1902 Encyclopedia > Libraries > Libraries - Mediaeval Period

(Part 2)


During the first few centuries after the fall of the Western empire, literary activity at Constantinople had fallen to its lowest ebb. In the West, amidst the general neglect of learning and literature, the collecting of books, though not wholly forgotten, was cared for by few. Sidonius Apollinaris tells us of the libraries of several private collectors in Gaul. Publius Consentius possessed a library at his villa near Narbonne which was due to the labor of three generations. The most notable of these appears to have been the prefect Tonantius Ferreolus, who had formed in his villa of Prusiana, near Nimes, a collection which his friend playfully compares to that of Alexandria. The Goths, who had been introduced to the Scriptures in their own language by Ulfilas in the 4th century, began to pay some attention to Latin literature. Cassiodorus, the favorite minister of Theodoric, was a collector as well as an author, and on giving up the cares of government retired to a monastery which he founde din Calabria, where he employed his monks in the transcription of books.

Henceforward the charge of books as well as of education fell more and more exclusively into the hands of the church. While the old schools of the rhetoricians died out new monasteries arose everywhere. Knowledge was no longer pursued for its own sake, but became subsidiary to religious and tehological teaching. The proscription of the old classical literature, which is symbolized in the fable of the destruction of the Palatine library by Gregory the Great, was only too effectual. The Gregorian tradition of opposition to pagan learning long continued to dominate the literary pursuits of the monastic orders and the labors of the scriptorium.

During the 6th and 7th centuries the learning which had been driven from the Continent took refuge in the British islands, where it was removed from the political disturbances of the mainland. In the Irish monasteries during this period there appear to have been many books, and the Venerable Bede was superior to any scholar of his age. Theodore of Tarsus brought a considerable number of books to Canterbury from Rome in the 7th century, including several Greek authors. The library of York, which was founded by Archbishop Egbert, was almost more famous than that of Canterbury. The verses are well known in which Alcuin describes the extensive library under his charge, and the long list of authors whom the enumerates is superior to that of any other library possessed by either England or France in the 12th century, when it was unhappily burnt. The inroads of the Northmen in the 9th and 10th centuries had been fatal to the monastic libraries on both sides of the channel. It was from York that Alcuin came to Charlemagne to superintend the school attached to his palace; and it was doubtless inspired by Alcuin that Charles issued the memorable document which enjoined that in the bishoprics and monasteries within his realm care should be taken that there shall be not only a regular manner of life, but also the study of letters. When Alcuin finally retired from the court to the abbacy of Tours, there to carry out his own theory of monastic discipline and instruction, he wrote to Charles for leave to send to York for copies of the books of which they had so much need at Tours. While Alcuin thus increased the library at tours, Charlemagne enlarged that at Fulda, which had been founded in 774, and which allthorugh the Middle Ages stood in great respect. Lupus servantus, a pupil of Hrabanus Maurus at Fulda, and afterwards abbot of Ferreires, was a devoted student of the classics and a great collector of books. His correspondence illustrates the difficulties which then attended the study of literature through the paucity and dearness of books, the declining care for learning, and the increasing troubles of the time. Nor were private collections of books altogether wanting during the period in which Charlemagne and his successors labored to restore the lost traditions of liberal education and literature. Pepin le Bref indeed met with scanty response to the request for books which he addressed to the pontiff Paul I. Charlemagne, however, collected a considerable number of choice books for his private use in two places. Although these collections were dispersed at his death, his son Louis formed a library which continued to exist under Charles the Bald. About the same time Everard, count of Friuli, formed a considerable collection which he bequeathed to a monastery. But the greatest private collector of the Middle Ages was doubtless Gerbert, Pope Sylvester II., who showed the utmost zeal and spent large sums in collecting books, not only in Rome and Italy, but from Germany, Belgium, and even from Spain.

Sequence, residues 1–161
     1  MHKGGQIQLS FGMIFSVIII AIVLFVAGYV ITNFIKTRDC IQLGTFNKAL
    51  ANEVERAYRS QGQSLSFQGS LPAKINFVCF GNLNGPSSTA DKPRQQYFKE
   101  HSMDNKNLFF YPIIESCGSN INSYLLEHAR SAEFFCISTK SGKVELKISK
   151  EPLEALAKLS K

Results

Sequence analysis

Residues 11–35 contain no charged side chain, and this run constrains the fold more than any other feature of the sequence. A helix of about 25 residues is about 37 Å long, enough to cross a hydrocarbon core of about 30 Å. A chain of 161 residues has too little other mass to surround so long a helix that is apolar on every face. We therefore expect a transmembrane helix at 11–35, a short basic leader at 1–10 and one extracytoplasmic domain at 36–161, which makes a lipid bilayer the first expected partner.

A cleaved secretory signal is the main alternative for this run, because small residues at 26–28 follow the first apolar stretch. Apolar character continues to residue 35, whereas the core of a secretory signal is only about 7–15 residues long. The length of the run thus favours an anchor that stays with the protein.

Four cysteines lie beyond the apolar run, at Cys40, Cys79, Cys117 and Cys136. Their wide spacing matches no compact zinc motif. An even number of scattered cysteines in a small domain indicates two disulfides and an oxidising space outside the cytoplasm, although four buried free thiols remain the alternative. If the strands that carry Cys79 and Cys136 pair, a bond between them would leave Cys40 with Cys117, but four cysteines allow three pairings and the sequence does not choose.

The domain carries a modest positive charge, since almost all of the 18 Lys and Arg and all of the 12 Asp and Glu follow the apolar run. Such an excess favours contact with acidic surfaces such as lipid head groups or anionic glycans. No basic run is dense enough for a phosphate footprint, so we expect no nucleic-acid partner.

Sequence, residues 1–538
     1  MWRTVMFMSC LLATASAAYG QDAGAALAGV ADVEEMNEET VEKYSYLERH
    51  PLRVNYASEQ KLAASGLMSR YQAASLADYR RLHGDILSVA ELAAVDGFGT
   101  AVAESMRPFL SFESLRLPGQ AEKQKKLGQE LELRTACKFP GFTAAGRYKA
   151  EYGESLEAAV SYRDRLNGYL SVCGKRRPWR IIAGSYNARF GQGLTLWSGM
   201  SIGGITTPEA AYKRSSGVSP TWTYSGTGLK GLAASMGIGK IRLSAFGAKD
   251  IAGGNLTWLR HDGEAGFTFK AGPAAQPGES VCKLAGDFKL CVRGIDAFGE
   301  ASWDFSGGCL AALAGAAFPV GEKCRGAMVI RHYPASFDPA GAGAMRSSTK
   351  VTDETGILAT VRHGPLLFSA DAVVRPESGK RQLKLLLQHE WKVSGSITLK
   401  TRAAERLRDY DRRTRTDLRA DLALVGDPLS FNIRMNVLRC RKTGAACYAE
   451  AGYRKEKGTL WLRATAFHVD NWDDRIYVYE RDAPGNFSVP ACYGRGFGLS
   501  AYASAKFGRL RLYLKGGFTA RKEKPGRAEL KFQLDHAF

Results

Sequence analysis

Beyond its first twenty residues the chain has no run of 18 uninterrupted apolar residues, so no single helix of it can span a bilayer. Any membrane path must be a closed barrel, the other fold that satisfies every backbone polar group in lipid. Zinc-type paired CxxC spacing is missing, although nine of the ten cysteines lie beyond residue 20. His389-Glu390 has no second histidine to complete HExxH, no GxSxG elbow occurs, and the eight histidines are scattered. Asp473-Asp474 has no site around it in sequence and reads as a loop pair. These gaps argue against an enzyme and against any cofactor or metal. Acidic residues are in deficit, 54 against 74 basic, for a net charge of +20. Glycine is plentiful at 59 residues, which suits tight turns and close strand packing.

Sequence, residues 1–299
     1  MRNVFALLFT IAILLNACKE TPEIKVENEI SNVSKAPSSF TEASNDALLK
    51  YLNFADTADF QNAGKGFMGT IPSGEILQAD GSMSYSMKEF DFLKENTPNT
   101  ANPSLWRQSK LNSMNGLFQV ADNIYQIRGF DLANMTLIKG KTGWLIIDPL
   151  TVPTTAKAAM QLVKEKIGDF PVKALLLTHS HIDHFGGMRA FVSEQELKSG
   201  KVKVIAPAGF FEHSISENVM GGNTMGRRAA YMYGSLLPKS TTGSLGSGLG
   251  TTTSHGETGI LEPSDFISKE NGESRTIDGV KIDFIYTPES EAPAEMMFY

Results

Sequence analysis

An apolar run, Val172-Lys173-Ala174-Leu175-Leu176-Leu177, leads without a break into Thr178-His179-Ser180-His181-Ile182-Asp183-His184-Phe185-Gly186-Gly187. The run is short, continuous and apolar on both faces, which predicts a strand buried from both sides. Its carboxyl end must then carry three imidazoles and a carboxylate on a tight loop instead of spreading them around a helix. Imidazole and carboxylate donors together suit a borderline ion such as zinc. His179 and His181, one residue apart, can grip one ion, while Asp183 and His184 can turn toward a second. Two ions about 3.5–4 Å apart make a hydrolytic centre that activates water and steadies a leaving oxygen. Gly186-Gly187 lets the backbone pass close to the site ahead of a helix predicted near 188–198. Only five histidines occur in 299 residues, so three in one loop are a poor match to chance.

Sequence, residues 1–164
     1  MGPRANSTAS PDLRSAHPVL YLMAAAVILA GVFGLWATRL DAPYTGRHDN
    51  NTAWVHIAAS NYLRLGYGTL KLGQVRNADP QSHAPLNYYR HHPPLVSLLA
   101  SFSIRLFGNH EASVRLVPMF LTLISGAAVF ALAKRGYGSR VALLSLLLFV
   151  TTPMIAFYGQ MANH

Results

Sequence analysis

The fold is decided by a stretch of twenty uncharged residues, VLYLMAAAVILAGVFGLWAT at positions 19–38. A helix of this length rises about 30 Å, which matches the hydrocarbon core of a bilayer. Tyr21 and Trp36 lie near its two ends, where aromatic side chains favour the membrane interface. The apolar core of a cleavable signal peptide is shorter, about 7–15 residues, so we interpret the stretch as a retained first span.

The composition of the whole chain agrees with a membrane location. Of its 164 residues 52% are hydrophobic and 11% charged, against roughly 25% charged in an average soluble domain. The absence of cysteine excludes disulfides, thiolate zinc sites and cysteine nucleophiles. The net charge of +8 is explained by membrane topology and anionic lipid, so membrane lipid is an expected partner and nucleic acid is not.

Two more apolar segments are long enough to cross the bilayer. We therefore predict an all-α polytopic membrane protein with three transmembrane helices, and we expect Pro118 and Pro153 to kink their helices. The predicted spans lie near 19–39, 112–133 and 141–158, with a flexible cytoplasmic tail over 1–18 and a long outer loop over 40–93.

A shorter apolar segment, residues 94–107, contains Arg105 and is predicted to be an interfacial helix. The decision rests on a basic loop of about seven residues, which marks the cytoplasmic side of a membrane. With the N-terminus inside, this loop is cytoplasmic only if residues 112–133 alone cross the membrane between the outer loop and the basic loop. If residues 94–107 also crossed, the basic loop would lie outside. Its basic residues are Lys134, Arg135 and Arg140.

The hopes of a revival of secular literature fell with the decline of the schools established by Charles and his successors. The knowledge of letters remained the prerogative of the church, and for the next four or five centuries the collecting and multiplication of books were almost entirely confined to the monasteries. Several of the greater orders made these an express duty; this was especially the case with the Benedictines. It was the first care of St Benedict, we are told, that in each newly founded monstaery there should be a library, "et velut curia quaedam illustrium auctorum." Monte Cassino became the starting point of a long line of institutions which were destined to be the centers of religion and of literature. It must indeed be remembered that literature in the sense of St Benedict meant Biblical and theological works, the lives of the saints and martyrs, and the lives and writings of the fathers. Of the reformed Benedictine orders the Carthusians and the Cistercians were those most devoted to literary pursuits. The abbeys of Fleury, of Melk, and of St Gall were remarkable for the splendor of their libraries. In a later age the labors of the congregation of St Maur form one of the most striking chapters in the history of learning. The Augustinians and the Dominicans rank next to the Benedictines in their care for literature. The libraries of St Genevieve and St Victor, belonging to the former, were amongst the largest of the monastic collections. Although their poverty might seem to put them at a disadvanate as collectors, the mendicant orders cultivated literature with much assiduity, and were closely connected with the intellectual movement to which the universities owed their rise. In England Richard of Bury praises them for their extraordinary diligence in collecting books. Sir Richard Whittington built a large library for the Grey friars in London. And they possessed considerable libraries at Oxford.